Wednesday, August 24, 2016

Can Authors Advance Their Careers By Going to Conventions?

Yes. Wow, that was easy. See you all next week!

You really gonna stick your patrons with that?
All right, all right.

So, conventions! Explaining a convention to someone who's never been is a lot like explaining your trip to a foreign country to your friends who stayed home. The language, the culture, the way people dress; you can read about that on the news, or in an encyclopedia. What you won't get from those sources is the sense of togetherness that happens when fans congregate. The way you can walk down a hallway, and make new friends with a single movie reference, or how you can turn a corner and find yourself face-to-face with someone you've only ever seen on TV, or read about in interviews.

If you're an author, this is where you want to be, because conventions are probably the best place to go to meet people, and add them to your network.

Shaking Hands, And Dropping Cards


There are all kinds of cons out there. There are cons for comic books and roleplaying games, for sci-fi, fantasy, horror, and everything in between. There are even conventions specifically for authors and publishers. Some are big, and some are small, but there is a nearly-infinite variety of them out there.

So, how do you walk in the front door of a convention, and immediately start making connections?

This is what you want your social media to look like, when you're done.
Preparation is key. If you're going to (or just considering going to) a convention, do some research on it beforehand. Find out what that year's theme is, what the average attendance is, and get a list of the events going on. See what hotel costs are, and figure out a budget to see if you can even make the scene, financially speaking. Check out that year's list of special guests, too. Then, once you've taken a look at the field, decide where you're going to go, and who you're going to try and meet. Make sure you have a pocket full of business cards, and know what you're going to say in case people start asking you what you're there for. If you've got a book and need a publisher, if you're looking for clients, or if you are looking for publicity help, decide that before you get there.

In short, have a plan before you walk in the doors. Wandering around is for the rubes; you're here to work.

Whenever Possible, Get Involved in Programming


The best way to get around behind the table, and to meet people as equals, is to work a convention. For example, if you go to a convention's homepage, there will be a section titled Programming. All you have to do is contact them, tell them you're an author who will be attending, and volunteer to help. You'll want to do this a half-dozen months before the con gets going, because that's when programming hasn't been nailed down yet. If you get into programming, then you might wind up on a panel, holding down a signing table, or doing a reading.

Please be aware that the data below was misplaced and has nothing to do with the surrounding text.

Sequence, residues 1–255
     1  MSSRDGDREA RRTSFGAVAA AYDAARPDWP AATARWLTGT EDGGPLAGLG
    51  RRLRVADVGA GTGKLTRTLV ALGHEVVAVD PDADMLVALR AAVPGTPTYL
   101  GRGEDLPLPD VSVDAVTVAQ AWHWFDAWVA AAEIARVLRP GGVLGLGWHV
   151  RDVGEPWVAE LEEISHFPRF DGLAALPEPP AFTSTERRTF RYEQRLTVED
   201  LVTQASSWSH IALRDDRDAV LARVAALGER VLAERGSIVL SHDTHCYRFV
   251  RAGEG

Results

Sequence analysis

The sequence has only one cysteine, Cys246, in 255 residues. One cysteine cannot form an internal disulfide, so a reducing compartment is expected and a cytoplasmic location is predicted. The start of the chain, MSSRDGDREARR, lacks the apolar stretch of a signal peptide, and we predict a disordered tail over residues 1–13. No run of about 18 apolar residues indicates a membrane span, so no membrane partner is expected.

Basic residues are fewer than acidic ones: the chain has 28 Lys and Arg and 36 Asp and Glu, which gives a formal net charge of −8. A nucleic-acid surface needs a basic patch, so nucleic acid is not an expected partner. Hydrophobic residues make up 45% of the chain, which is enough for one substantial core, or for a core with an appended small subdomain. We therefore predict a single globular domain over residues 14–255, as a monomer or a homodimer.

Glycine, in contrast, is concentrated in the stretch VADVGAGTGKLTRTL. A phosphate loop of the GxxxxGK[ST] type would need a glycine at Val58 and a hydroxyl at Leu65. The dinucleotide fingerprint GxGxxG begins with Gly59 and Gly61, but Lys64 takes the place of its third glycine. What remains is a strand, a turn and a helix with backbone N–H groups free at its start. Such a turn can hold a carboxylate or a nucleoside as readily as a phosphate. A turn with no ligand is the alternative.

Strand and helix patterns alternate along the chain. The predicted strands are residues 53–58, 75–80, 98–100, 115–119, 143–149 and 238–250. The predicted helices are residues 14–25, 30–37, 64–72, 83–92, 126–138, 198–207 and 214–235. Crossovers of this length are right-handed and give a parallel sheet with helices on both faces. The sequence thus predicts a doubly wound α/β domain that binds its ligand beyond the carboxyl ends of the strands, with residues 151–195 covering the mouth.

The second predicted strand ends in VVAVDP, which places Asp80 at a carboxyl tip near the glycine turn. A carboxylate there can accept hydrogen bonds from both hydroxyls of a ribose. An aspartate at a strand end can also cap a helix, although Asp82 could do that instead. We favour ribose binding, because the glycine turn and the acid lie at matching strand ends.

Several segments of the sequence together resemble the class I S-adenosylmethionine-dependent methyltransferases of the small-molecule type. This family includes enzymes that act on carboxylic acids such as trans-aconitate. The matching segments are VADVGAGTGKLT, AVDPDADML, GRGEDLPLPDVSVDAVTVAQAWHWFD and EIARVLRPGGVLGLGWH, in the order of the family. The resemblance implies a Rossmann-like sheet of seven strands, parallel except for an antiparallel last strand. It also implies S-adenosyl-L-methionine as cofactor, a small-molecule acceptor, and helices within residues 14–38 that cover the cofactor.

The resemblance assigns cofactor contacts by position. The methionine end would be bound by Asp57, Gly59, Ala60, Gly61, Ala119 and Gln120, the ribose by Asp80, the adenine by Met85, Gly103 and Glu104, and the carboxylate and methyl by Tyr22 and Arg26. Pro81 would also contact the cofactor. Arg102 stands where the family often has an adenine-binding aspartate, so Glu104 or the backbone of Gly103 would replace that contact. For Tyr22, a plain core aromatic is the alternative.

Readings are rarely attended if you're not famous. Don't take it personally.
Being part of programming is kind of like getting let into the VIP lounge. You have access to the green room, you get to meet fellow programmers (many of whom will be the folks you came there to talk to), and if you complete a certain number of programs then you may even get the cost of your badge reimbursed.

Even better, though, is that when you're involved in programming, the other attendees take you seriously. If you meet someone in the hall, or in the dealer's room, you're going to have a hard time getting them to take you seriously as an author. If you are sitting behind a signing table, or you were speaking on a panel about your genre, people will elevate your status in their minds. You're more likely to have people come up to you after your program, and when you hand them a business card, they're more likely to keep it.

There's no guarantee they'll look you up, but you've got a much better chance if they see you as a professional, instead of just another attendee.

Relationships Take Time To Grow


Unless you're already a famous author, it's unlikely that anyone you meet at a con will know who you are the first time you show up. It's possible, but don't stand around waiting to be recognized. With that said, the more cons you go to, and the more years you go, the more likely you are to build an audience. As you become part of the scene, and people start to recognize you, you're more likely to form friendships. Even if you only see the readers, attendees, and fellow programmers a few times a year, sometimes that's all it takes. Connect online, keep the connections strong, and that will lead to benefits for you, and them.


In the meantime, while you're sowing your author garden, just enjoy the con. The expenses can be written off on your taxes, and there is nowhere else in the world you can talk to someone dressed as a Klingon about the their feelings on Martin Vs. Tolkien when it comes to the classic hero's journey, and variations thereof.

As always, thanks for stopping by this week's Business of Writing post. If you'd like to help support me, stop on by The Literary Mercenary's Patreon page. As long as you pledge at least $1 a month, there's some sweet swag in it for you! Lastly, if you haven't followed me on Facebook, Tumblr, and Twitter, then why not start now?

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